Other comments from my father about possible Irish heritage were brief and definitive.
"Noooo," said my father, "we're not Irish. Our Doyles came from England."
"NO! No, we're not Irish."
Though I thought being Irish would be fun, not being Irish didn't really bother me. But imagine my surprise when, a few years after my father's death, I received a letter from his mother's sister, Brendice Gerner Davis, with the following statement about her own mother, Elvira Bartley Gerner: "My mother was Scotch Irish and had that Irish wit."
Whoa! What?!! Irish!??? We have Irish ancestors?!!!! It was on my father's mother's side of the family, the family with which he had little contact growing up. How would he have known that several generations back one of his greats came to America from Ireland? If the Doyle side of the family were traced a few more generations we would probably find Irish ancestors, too. In fact, one of my cousins is confident that we would.
To add a bit more humor to this post, Bernd Biege wrote an article, "The Irish Vernacular - Idioms and Phrases or: How to Make Sense of the Irish," in which he includes the following definition:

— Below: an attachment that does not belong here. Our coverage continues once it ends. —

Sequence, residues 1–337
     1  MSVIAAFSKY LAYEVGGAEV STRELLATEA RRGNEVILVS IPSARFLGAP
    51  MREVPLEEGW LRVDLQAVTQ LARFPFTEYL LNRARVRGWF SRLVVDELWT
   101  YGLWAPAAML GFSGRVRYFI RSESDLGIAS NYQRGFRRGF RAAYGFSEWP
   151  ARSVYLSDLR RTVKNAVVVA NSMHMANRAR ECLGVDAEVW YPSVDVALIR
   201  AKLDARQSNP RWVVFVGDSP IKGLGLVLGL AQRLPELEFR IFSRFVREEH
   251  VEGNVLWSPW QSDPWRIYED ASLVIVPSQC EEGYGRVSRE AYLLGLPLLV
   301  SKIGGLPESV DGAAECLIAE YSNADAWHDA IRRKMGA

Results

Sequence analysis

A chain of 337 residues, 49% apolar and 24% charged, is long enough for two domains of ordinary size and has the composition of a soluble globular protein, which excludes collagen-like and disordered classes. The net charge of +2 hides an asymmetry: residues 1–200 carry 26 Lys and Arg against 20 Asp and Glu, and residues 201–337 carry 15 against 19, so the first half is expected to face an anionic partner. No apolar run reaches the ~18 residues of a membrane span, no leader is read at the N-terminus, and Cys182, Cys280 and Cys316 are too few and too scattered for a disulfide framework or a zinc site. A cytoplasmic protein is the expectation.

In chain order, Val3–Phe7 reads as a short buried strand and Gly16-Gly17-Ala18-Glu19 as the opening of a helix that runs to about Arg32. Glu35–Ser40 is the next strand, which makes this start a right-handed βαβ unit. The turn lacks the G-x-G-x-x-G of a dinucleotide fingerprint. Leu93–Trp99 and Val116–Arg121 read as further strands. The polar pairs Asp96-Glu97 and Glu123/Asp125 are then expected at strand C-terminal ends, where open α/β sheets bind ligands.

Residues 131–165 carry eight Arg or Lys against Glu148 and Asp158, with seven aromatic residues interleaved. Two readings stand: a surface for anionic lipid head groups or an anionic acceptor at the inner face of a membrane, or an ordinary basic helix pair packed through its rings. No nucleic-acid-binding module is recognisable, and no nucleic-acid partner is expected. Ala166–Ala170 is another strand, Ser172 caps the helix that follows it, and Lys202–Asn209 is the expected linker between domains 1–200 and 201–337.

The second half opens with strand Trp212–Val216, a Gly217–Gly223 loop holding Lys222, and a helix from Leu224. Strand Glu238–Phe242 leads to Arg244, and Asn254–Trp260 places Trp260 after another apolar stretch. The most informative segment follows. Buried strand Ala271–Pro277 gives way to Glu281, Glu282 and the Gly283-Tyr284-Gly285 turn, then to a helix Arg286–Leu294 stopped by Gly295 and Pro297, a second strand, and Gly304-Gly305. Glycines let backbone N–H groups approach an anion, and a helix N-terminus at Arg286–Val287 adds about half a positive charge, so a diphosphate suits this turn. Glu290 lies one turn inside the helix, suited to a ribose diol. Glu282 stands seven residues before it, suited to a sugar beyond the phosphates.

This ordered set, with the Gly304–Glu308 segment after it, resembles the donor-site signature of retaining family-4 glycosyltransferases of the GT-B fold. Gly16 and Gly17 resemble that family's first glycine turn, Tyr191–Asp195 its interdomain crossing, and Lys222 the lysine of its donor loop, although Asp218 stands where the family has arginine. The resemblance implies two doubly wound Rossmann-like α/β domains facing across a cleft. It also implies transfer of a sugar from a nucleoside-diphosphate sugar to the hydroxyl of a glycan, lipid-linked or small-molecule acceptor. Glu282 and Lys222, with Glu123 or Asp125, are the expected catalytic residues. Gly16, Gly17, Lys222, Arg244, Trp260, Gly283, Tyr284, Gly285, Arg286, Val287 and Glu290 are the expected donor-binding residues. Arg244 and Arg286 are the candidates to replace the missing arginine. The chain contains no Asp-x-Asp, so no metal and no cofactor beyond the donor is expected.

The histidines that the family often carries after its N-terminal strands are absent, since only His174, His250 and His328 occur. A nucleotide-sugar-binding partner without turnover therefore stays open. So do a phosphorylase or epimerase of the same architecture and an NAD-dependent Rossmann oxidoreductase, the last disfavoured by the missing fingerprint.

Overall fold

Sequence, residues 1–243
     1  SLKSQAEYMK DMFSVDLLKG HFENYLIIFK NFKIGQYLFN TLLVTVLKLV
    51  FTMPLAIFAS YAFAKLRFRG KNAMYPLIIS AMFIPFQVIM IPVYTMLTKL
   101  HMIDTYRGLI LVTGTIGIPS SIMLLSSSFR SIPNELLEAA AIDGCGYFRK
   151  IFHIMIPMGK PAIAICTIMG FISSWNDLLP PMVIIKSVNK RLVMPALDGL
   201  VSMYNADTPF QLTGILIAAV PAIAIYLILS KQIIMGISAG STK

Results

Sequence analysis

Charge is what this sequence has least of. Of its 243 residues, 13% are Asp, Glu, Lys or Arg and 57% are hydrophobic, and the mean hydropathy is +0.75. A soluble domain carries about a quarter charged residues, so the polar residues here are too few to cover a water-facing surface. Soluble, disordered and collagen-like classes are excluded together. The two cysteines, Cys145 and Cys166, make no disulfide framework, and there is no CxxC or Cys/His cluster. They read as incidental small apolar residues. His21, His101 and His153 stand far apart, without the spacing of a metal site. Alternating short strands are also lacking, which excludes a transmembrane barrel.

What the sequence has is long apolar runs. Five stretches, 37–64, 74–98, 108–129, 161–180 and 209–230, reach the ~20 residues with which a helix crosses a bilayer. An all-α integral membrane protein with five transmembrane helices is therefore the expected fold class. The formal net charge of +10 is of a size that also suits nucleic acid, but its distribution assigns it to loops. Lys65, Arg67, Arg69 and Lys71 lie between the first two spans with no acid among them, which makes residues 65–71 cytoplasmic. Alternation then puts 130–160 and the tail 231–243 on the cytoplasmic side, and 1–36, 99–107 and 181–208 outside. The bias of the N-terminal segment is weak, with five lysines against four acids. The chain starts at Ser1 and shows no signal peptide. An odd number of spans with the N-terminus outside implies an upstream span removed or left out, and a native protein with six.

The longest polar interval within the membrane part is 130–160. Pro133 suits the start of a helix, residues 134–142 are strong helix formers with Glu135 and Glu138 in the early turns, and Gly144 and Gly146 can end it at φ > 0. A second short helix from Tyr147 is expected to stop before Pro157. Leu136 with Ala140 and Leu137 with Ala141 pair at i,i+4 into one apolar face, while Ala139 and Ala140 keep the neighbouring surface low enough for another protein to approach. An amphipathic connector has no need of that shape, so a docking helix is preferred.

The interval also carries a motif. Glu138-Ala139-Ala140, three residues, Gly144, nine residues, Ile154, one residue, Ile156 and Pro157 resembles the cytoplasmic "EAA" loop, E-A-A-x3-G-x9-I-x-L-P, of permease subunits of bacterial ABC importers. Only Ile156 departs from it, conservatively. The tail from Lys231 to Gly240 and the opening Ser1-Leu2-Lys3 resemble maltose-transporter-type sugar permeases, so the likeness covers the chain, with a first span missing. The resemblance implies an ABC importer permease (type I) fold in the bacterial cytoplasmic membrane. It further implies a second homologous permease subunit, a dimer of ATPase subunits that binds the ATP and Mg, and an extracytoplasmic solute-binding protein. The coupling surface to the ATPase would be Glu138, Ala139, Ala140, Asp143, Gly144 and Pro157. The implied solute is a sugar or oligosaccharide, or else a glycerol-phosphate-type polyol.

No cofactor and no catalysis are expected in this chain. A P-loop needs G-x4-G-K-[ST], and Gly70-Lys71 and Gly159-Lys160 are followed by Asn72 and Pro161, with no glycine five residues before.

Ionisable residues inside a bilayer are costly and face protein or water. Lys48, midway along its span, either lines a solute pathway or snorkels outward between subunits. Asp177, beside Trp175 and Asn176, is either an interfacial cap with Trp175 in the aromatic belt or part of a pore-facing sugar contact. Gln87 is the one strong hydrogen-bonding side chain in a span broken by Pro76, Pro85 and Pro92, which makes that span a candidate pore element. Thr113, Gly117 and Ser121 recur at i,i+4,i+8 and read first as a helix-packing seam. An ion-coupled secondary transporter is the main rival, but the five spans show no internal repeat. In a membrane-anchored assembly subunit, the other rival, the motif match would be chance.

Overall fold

Yes and NoI guess that suggests how far my father was from his Irish roots when he so emphatically said, "No! We're not Irish! "
Irish does not really have a definite "yes", neither a final "no". This explains the abhorrence with which the use of these words is treated. They are avoided as far as possible. Only if pressed a clear answer might be given - the implication always being that both "yes" and "no" are in a state of flux and synonymous with "well, maybe, we'll see".
Happy Saint Patrick's Day to you!